I’d written about peak hours before, and I guess it must be a hot topic in some circles. Folks are always trying to squeeze more productivity out of their days, and playing with the body clock seems to be the favorite way of doing this.
More sleep? Less sleep? Uninterrupted or multiphasic sleep?
Start your day doing little, easy-to-do things or tackle that big job you’d rather not think about first?
Is it true that if you burn the candle at both ends you get more light?
Is my brain really more creative when I’m tired? And why won’t my brain shut up at night?
Everyone’s got an opinion there.
I found this infographic from HealthCentral (and some other perspectives by Ridiculously Efficient) a few days ago, and it’s interesting. I’ve pasted it here so you can have a look at it, and myself being one who keeps his opinions to himself (why is my nose growing?) I’ll have some observations here.
One of the things that caught my attention is the assertion that most people keep a similar natural timeline — like about 80 or 90 percent. This suggests most so-called night people are that way by choice.
I noticed this because I’d always gravitated toward night work. I did a lot of nightside reporting back in the day, spent a lot of late nights playing music, and even most of my so-called day jobs (cab driving, casino work) were at night. But was it me, or was there some other attraction?
OK. Maybe the pay was better, the boss more easygoing, the clientele livelier and the girls prettier at night. But as I got older, I found myself going more toward days. Most of the time (except those times my overactive brain keeps going) I’m usually in bed by 11, like an old fart. Even New Years Eve — a time when most people are out howling — I struggled to keep my eyes open while waiting for the ball to drop. 2013 almost started without me. Man, did I feel ancient.
I’ve also noticed how, on this infographic timeline, the creative process kicks in at around 8 p.m. This in itself is interesting. Fatigue seems to kick-start the process, according to HealthCentral.
I do see evidence of this. At around 8-ish I’ve usually had dinner, my computer is shut down, and I’m chilled out in the recliner, some heavy jazz playing on the Bose, and my mind goes all over the landscape. I usually spend that time with a clipboard in my lap, slamming down ideas as fast as I get them. That’s also when I write my crappiest but most imaginative first drafts and do my wildest brainstorming. Sometimes my bipolar brain won’t shut up, so I gearing down and getting to bed at a decent time is an issue. This does cut into my beauty (!) sleep.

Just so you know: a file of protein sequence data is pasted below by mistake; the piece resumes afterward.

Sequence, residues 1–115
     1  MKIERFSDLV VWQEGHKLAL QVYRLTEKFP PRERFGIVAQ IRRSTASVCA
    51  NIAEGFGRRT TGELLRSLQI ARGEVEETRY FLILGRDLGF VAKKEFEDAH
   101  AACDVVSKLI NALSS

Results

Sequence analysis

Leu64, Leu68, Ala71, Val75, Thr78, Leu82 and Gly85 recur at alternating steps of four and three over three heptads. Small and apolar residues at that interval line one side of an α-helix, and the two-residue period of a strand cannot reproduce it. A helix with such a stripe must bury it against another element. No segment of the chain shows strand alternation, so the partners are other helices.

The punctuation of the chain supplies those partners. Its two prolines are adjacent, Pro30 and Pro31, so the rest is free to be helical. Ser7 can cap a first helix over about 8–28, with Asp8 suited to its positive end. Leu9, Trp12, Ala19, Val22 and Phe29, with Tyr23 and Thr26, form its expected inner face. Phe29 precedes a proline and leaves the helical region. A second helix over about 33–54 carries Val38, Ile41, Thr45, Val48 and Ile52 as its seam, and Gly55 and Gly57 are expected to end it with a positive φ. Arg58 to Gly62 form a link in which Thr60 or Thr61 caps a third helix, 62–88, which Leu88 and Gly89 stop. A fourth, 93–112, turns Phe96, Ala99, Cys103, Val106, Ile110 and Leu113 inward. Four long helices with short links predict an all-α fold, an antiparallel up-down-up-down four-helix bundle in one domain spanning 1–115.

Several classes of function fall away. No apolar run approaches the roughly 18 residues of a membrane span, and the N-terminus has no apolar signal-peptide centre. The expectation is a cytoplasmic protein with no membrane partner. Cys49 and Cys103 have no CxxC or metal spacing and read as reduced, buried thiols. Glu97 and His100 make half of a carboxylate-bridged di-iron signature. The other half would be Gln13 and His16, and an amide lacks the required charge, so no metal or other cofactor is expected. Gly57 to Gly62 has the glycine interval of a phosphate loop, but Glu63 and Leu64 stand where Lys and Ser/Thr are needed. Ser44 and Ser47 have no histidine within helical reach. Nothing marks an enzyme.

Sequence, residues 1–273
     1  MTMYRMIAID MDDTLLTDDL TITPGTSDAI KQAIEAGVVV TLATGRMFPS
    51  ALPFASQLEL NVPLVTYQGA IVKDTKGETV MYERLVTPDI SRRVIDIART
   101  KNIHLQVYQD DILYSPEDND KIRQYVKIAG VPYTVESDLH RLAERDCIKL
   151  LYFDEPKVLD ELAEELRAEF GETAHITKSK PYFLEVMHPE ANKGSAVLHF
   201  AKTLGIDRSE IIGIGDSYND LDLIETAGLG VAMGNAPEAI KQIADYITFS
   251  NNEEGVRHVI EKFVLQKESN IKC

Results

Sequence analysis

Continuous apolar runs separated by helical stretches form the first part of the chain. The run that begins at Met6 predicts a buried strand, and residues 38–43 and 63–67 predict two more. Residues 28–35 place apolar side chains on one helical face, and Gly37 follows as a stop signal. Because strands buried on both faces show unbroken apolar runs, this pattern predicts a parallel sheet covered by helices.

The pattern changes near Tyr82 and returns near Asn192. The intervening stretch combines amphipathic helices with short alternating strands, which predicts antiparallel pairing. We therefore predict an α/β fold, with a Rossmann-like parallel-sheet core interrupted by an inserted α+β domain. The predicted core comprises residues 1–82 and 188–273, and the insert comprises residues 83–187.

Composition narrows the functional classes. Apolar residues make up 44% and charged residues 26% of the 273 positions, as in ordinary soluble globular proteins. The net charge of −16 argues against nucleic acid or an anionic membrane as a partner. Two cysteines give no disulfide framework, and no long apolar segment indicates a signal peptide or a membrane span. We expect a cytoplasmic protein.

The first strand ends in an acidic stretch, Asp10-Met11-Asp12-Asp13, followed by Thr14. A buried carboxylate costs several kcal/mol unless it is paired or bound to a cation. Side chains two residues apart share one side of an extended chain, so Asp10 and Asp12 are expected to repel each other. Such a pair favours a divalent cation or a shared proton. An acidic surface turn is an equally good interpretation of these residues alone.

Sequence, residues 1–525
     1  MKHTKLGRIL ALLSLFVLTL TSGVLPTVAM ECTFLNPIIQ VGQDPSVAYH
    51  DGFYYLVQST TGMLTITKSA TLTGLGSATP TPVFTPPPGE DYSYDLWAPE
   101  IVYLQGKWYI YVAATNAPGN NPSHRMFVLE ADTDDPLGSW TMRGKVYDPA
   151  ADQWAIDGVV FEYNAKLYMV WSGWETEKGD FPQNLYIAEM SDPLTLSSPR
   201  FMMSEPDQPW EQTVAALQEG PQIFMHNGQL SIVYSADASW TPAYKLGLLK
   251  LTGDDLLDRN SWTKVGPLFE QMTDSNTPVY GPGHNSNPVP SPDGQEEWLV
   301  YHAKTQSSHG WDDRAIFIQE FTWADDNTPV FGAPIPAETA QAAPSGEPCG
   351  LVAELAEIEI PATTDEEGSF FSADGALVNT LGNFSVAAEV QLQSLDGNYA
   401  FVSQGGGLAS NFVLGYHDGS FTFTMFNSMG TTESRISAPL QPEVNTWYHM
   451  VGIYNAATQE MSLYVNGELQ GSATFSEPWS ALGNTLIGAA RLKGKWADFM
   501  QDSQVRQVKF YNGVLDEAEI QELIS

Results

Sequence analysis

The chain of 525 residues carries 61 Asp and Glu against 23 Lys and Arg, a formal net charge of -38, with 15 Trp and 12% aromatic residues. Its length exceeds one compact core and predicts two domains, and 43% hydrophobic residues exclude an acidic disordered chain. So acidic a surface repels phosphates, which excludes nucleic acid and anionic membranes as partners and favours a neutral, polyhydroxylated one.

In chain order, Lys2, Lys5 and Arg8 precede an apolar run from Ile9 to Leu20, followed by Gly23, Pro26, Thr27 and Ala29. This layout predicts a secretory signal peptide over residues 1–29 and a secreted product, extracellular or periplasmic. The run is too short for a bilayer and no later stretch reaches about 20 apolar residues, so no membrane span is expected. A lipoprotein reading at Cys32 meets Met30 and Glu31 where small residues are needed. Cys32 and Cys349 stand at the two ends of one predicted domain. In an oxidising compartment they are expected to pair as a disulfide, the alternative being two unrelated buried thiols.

A couple of other things I noticed:
- A person is more easily distracted from about noon to 4 p.m. (For me, true.)
- A power nap at 2-ish is good for the body. Maybe it’s encroaching geezerhood, but I find I do this more often than not.
- But while the brain is easily distracted in the early afternoon, hand-eye coordination peaks around 3-ish. Interesting.
- Cognition is at its best in the late morning. (For me, also true.)
- A hot shower is recommended in the morning, because it’ll warm the body and make you more alert. That’s the claim, anyway. I do know my body thinks it’s a Ford because it doesn’t start well when it’s cold.
- Email sent out before 9 a.m. is most likely to be read. I do have to challenge this, but that’s because very little of my correspondence stays within the Eastern Standard Time zone.
- For social media junkies, 8 a.m. tweets are the most upbeat and those sent out in the late afternoon are most likely to be retweeted. Facebook status messages sent out at 8 p.m. are the most “liked” (again not accounting for time zones), and a person who builds his whole day around a social media schedule is probably addicted.
This whole thing is interesting, but probably not a be-all end-all. Will my habits change because of this infographic? Of course not. I’m not even sure if this infographic is based on hard science or wishful thinking, and even if it was hard science we’ve all got our own peak times anyway.
I think my own biggest take-home is how the brain runs rampant when the body’s tired, but that’s something I’ve suspected anyway.